An unknowing leak from oil from the engine should be periodically checked and proper maintenance and repair are to be ensured. This is the major source of improper disposal of waste oil. One can realize this fact by putting a glance over the roads and parking areas. Many of such areas are mostly coated with dark disposals from engines. It is the result of oil and lubricant leakage from automobiles. During rainy seasons, the water carries it to the soil surface, further it moves to the water storage.

As and when the motor oil is put into the engine, it starts accepting poisonous materials, dirt particles, and other chemicals due to internal combustion. Thereby it changes into used oil. It is need of the hour to dispose of it properly. Otherwise, the entire world will experience adverse results from the waste oil particles.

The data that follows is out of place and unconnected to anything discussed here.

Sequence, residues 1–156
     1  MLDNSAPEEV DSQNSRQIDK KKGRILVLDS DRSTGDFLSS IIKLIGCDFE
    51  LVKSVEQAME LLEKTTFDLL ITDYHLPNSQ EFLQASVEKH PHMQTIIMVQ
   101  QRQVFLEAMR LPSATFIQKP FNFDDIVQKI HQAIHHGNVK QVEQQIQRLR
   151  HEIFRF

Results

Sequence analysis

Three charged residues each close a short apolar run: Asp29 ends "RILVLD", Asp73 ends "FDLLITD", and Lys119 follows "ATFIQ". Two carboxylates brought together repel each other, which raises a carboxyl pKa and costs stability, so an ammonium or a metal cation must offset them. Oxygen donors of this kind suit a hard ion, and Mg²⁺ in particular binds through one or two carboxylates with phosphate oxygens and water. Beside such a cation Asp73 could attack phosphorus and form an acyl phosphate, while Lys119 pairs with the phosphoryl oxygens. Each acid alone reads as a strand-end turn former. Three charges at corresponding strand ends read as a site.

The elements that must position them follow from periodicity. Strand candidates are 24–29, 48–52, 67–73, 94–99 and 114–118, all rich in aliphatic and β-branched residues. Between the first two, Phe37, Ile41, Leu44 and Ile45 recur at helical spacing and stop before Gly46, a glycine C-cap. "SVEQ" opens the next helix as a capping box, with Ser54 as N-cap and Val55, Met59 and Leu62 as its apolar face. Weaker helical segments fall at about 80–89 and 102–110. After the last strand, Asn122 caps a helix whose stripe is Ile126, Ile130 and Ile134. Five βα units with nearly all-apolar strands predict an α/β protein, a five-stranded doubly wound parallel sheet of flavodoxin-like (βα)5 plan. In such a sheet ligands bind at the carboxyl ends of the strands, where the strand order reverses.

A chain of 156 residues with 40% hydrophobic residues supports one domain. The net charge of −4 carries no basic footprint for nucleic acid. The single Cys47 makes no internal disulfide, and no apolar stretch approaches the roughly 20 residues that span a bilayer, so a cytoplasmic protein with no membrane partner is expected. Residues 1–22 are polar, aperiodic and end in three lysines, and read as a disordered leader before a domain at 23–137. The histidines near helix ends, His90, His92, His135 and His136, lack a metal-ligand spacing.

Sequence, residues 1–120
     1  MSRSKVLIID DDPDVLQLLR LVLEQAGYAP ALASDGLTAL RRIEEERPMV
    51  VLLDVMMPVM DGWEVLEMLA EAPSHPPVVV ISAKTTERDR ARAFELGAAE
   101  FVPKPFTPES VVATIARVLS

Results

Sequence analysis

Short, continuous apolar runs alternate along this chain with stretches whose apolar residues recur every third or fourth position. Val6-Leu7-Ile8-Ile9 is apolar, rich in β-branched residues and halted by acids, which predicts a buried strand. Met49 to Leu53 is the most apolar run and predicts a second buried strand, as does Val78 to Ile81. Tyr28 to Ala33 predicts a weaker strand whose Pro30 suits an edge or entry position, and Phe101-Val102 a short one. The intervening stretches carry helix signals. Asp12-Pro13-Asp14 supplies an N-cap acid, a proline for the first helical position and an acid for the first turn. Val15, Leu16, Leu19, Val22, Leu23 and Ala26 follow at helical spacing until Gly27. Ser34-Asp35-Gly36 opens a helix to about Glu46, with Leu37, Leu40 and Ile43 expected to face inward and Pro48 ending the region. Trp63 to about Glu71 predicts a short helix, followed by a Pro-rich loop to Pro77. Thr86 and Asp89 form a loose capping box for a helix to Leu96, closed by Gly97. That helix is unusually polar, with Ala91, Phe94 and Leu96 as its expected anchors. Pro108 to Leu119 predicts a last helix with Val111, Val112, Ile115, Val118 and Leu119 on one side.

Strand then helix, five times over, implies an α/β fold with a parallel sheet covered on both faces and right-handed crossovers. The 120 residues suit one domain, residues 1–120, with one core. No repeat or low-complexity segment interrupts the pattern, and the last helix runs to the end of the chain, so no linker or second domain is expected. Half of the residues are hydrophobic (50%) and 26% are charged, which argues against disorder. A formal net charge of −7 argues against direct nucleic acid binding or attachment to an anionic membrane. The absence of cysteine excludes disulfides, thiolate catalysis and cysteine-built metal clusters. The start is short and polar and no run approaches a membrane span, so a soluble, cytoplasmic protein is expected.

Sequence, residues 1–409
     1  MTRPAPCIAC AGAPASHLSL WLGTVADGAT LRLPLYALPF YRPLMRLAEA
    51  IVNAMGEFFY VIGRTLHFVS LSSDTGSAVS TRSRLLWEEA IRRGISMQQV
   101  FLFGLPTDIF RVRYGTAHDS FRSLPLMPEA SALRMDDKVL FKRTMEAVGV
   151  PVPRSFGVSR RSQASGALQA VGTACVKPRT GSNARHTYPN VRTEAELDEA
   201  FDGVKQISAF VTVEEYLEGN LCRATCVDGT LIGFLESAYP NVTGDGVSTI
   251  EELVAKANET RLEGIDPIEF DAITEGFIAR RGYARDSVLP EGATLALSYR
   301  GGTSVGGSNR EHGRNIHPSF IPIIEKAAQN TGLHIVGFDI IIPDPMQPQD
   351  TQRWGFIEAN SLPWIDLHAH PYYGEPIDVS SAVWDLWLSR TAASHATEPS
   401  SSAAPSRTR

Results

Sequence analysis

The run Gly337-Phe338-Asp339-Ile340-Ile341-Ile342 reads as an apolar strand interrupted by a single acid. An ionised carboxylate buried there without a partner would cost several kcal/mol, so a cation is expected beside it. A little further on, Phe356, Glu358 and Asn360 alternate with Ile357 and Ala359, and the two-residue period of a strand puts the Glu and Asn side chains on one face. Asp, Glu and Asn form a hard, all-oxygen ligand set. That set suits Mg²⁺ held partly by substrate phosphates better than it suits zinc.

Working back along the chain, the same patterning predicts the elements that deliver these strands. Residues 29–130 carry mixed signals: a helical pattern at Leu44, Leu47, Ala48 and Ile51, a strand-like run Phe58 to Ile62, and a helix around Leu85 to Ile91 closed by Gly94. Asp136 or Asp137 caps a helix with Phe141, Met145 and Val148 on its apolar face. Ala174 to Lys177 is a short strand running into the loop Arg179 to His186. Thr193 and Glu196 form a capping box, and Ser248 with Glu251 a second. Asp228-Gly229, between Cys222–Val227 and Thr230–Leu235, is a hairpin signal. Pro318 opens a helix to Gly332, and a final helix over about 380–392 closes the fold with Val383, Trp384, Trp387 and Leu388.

Common Disposal Practices

Some people never take their vehicles to service centers, but they change the engine oil. This category is called Do-It-Yourselfers (DIY) and they are completely responsible for the proper disposal of waste oil. They may not possess the facilities for its disposal or storage. “Typical disposal methods include pouring it into the ground, spreading it over dirt roads, using it as weed-killer, putting it in household trash, or worst of all, pouring it directly into a waterway or down storm drains.” (Impact of disposal practices: Common disposal practices, 10).

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DIY should be discouraged by the administration unless the concerned people do not adopt proper disposal procedures. Storing and recycling waste oil may help us to reduce the scarcity of oil resources in our country. Hence the nation’s dependence on other nations for oil resources will be reduced. With effective recycling and used oil management, our valuable energy resources and reserves may be conserved with the fuel oil extracted from waste oil. Certain oil recycling factories are also not adhering to the safety norms in their processes. They simply spread the wastages, that come from post recycling, across the soil or dump into the gutter.